While I’ve never seen a bad movie about the Marian apparitions at Fátima and the “Miracle of the Sun,” there’s certainly room to go beyond the films that have been made so far.

The best-known telling, the 1952 Hollywood film The Miracle of Our Lady of Fatima, is still beloved by Catholic viewers, but highly fictionalized and dated. The most authentic, the Portuguese-language Apparitions at Fátima (1992), is hard to find, and the score and voice-over narration are sometimes intrusive. Better than either of these, I like the 2009 art-house indie The 13th Day, but its minimalist style is off-putting to some.

I suspect the new film Fátima, co-written and directed by the Italian filmmaker Marco Pontecorvo, will surpass all of these as the go-to telling of this story, especially for Catholic viewers.

Best known as a cinematographer and director of photography on the big and small screens (his credits include Game of Thrones and the HBO miniseries Rome), Pontecorvo made his directorial debut with the acclaimed 2008 film Pa-Ra-Da, based on the true story of a street artist and clown who worked to help destitute street children by training them as circus performers.

Pontecorvo comes from filmmaking stock: His father, Gillo Pontecorvo, directed the 1966 classic The Battle of Algiers. The elder Pontecorvo was a secular Jew, but he married a Catholic woman, and Marco, who was baptized, describes himself as a believer. Intriguingly, among his father’s unfinished projects was a screenplay for a movie about Jesus.

I spoke with Pontecorvo from Italy via Zoom, a conversation not without technical and other communication issues. The discussion that follows has been edited for length and clarity.

Fátima is scheduled to for theatrical release in North America on August 14.

 

Your father once told an interviewer that he could only make a movie he was totally in love with. Do you feel the same way?

Yes, absolutely. This was one of the things he transmitted to me and my two brothers. They don’t work in the film industry —  one is a physicist, and one is a painter — but I think we all have the same attitude. When you start something, you have to love it and respect it. It’s mandatory, in a way. It was our father’s way, and now it’s our way.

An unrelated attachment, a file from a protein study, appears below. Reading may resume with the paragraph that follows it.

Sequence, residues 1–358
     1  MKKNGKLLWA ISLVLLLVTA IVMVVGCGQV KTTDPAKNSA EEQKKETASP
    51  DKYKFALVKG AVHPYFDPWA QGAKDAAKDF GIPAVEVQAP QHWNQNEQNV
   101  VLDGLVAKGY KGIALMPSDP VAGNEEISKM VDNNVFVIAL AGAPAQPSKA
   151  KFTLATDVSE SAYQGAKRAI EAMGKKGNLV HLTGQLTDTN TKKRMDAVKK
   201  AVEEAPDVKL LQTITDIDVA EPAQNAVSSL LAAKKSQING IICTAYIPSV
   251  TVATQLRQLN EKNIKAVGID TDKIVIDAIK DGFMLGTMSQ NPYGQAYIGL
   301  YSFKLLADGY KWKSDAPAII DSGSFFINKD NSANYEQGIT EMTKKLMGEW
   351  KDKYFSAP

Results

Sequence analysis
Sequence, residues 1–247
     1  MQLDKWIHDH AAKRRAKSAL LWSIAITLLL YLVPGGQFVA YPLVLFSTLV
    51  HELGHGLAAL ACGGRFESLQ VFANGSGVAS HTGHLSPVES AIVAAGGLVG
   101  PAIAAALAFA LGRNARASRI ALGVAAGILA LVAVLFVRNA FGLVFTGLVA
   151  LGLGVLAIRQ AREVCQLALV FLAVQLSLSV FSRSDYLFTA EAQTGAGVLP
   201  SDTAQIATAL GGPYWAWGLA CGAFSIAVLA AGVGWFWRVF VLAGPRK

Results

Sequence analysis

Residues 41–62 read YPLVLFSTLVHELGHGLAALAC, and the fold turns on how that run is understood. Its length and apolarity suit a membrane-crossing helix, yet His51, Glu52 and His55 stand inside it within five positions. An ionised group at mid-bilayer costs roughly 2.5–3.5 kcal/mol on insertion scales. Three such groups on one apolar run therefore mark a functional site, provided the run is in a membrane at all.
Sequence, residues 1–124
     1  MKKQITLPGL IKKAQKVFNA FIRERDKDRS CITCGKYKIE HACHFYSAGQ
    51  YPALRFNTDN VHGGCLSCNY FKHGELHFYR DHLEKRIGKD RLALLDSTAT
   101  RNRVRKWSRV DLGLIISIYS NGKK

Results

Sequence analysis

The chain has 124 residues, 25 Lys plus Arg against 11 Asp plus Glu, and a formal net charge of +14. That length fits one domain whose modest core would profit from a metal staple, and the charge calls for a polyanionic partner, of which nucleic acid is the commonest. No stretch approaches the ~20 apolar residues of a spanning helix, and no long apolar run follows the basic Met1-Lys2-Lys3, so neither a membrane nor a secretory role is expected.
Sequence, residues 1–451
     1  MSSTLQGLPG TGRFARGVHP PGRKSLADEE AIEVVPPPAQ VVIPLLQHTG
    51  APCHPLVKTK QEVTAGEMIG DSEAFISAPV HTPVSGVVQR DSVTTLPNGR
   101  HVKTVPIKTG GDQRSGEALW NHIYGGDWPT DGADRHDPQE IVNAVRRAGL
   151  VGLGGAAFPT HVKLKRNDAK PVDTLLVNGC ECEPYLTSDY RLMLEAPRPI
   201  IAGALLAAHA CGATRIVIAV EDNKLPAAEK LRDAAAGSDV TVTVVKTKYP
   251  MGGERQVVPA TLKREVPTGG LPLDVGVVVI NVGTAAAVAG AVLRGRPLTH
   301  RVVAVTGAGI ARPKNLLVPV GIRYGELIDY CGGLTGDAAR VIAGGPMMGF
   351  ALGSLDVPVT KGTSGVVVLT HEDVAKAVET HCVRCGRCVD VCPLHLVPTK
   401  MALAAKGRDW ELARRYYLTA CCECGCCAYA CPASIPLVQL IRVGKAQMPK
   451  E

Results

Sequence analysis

I understand that you were acquainted with the Fátima story before taking on this project. What attracted you as a filmmaker to the story — how did you fall in love with this story?

The first script that I read, I thought there were beautiful things in the story, but I didn’t fall in love completely with the script.

What I loved was the story of this little girl, Lúcia, who has almost everyone against her. Everything started with this vision, which is a positive thing, but it looked at least for a moment like it was not so positive, because after the vision the mother didn’t really trust her, as well as most of the people.

You saw the movie. Everything is real — it’s taken from her books of memories and other elements. So we played with real elements; we tried to invent as little as possible, to respect what really happened.

 

Was there some particular thing that you learned about the real story while making the film that stuck with you that you found particularly striking or meaningful?

In that horrible moment — and we are living in a horrible moment as well — with the First World War happening, with all these people in poverty, illness and everything, Lúcia managed, with her strength and her beliefs, to bring together 70,000 people, or something like that, praying for peace.

I think it’s very important, not only for believers, when you trust something — a little girl has the strength to bring people together, praying for the peace of all the world. You can believe that she really saw the Virgin or not, but the story itself is important.

Any time that I see the best part of humanity is moving. I see actions that are really positive, and I say, “Ah, it is a pity that we are not always like that.” And we lose this possibility.

The fact that this girl can really get in touch with something that is beyond, that is beyond us — probably not all of us have this possibility because we have so many filters.

I like a lot the triangle between the Virgin Mary, the real mother and Lúcia. You can see, at the end, the two mothers finally together — the only moment where you see the Virgin Mary and someone else apart from the kids inside of the frame. Normally, it’s the kids and the Virgin Mary or the kids and the people. Never, until that moment, are the kids the link between what they are seeing and the people. So you see the Virgin Mary, the little girl in the middle, and we turn and arrive at the real mother. This is at the end, and they find balance in this triangle and a new balance in the family.

One of the things that I like is the incapability of this woman to cope with what was happening — even if she was really religious, she was so humble that she thought that it was impossible that her daughter would see the Virgin Mary. So this arc in their relationship was really important for the story; it was one of the things that I liked.